The only sensible alternative is to look for data from external sources. In the case of commercial loan volume, for instance, the Federal Reserve Board has quarterly data stretching back to the late 1940s. Using such a long series makes it easy to identify macroeconomic relationships through many distinct business cycles.
This data is not specific to any one bank, meaning that modeling the effect of management actions is not possible at this level. Despite this drawback, this method provides the best possible avenue through which a diligent modeler could find appropriate macroeconomic drivers of activity in the commercial lending space. Individual bank actions, under some reasonable assumptions, simply do not impact industry dynamics. This means that banks can focus their attention on identifying pertinent macro factors without having to worry about acquisitions, customers switching banks, staffing shifts, or changes in management strategy.
Modeling 30 or 40 bank-specific observations becomes much easier when stressed industry variables are already in hand and the right macro variables are understood with a high degree of confidence. Now, stress testers can focus almost exclusively on bank-specific drivers of observed portfolio behavior.
A researcher might notice, for example, that his portfolio has been growing at a faster rate than the broader industry and that the bank’s market share is rising as a result. He can then interrogate relevant managers on the business side of the bank to find out why this is happening and whether the trend is likely to continue. More formally, he could seek quantitative drivers that explain the bank’s growth anomaly and thus project the bank’s performance under a number of alternative scenarios. The research is now usable and relevant.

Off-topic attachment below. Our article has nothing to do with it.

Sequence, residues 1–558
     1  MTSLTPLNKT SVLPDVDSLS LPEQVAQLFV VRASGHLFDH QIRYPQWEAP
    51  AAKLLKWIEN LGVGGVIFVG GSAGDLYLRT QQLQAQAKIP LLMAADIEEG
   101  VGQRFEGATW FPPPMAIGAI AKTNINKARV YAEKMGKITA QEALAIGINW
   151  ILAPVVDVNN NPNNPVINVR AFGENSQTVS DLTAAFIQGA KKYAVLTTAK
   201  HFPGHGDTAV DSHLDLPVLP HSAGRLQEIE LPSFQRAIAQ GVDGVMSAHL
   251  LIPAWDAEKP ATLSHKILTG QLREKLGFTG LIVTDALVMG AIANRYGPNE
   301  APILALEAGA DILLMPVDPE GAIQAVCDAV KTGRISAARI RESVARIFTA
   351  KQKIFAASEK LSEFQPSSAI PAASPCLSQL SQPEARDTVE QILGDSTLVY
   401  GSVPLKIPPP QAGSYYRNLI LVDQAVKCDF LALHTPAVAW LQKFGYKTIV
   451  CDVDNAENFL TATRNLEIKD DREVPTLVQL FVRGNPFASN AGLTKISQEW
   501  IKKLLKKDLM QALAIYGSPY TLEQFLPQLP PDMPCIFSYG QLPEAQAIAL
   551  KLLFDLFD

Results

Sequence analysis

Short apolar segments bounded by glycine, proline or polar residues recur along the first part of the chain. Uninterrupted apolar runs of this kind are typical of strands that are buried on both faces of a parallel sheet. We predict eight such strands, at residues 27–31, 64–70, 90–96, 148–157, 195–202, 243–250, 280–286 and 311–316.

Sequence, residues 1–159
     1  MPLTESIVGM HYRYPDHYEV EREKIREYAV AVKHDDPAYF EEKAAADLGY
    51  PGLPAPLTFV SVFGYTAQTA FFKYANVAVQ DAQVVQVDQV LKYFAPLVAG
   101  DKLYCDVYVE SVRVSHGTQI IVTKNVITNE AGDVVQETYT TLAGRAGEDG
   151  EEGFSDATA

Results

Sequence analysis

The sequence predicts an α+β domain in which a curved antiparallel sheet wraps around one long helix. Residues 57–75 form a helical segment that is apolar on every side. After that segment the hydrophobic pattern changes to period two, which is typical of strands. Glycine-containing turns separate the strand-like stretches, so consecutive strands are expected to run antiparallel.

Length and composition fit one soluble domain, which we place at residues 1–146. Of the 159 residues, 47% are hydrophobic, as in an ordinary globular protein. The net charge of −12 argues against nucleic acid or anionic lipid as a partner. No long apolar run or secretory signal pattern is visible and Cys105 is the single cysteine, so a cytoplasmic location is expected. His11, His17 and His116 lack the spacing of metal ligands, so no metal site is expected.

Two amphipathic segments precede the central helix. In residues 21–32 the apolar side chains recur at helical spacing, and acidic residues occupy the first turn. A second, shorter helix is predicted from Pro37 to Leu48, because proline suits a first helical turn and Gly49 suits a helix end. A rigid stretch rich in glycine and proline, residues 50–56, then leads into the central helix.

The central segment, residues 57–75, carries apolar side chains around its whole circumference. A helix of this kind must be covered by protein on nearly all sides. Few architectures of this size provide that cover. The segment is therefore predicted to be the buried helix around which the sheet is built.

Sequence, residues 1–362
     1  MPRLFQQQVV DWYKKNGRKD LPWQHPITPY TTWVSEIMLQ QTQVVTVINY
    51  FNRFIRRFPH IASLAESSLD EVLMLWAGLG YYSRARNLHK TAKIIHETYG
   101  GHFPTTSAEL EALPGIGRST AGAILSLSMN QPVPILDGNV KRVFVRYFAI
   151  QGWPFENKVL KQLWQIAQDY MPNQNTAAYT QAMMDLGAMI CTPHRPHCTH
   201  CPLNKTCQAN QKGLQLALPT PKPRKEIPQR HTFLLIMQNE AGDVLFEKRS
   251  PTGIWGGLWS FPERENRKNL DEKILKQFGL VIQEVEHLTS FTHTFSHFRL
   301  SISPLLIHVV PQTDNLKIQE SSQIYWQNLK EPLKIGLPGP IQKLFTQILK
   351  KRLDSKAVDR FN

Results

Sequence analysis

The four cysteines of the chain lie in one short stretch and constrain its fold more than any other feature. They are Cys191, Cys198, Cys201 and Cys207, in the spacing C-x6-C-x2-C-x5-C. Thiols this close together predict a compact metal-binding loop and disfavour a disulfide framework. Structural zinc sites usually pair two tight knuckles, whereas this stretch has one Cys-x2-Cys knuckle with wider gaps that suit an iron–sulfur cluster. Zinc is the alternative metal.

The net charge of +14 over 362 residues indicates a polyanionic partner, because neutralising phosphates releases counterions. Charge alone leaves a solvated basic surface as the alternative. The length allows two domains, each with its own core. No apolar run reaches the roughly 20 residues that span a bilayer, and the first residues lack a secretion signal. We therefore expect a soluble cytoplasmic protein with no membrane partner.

Banks may wonder whether the current approach to PPNR modeling is very informative. Most banks, relying on scant internal data, have to cut corners or mine the data to find macro linkages that are likely to be spurious or, at best, fragile. The relationships they do find are unlikely to last through the next downturn.
Taking a realistic and holistic approach to PPNR modeling, then, risk modelers should look to the many sources available for high-quality, industry-level data for PPNR components. Only by using these data will PPNR stress testing be the basis of reliable risk management decisions and be taken seriously by bank executives.
Managing Director, Economic Research
Tony oversees the Moody’s Analytics credit analysis consulting projects for global lending institutions. An expert applied econometrician, he has helped develop approaches to stress testing and loss forecasting in retail, C&I, and CRE portfolios and recently introduced a methodology for stress testing a bank’s deposit book.
Focuses on helping financial institutions improve their data management practices and capabilities for enhanced risk management, business value, and regulatory compliance.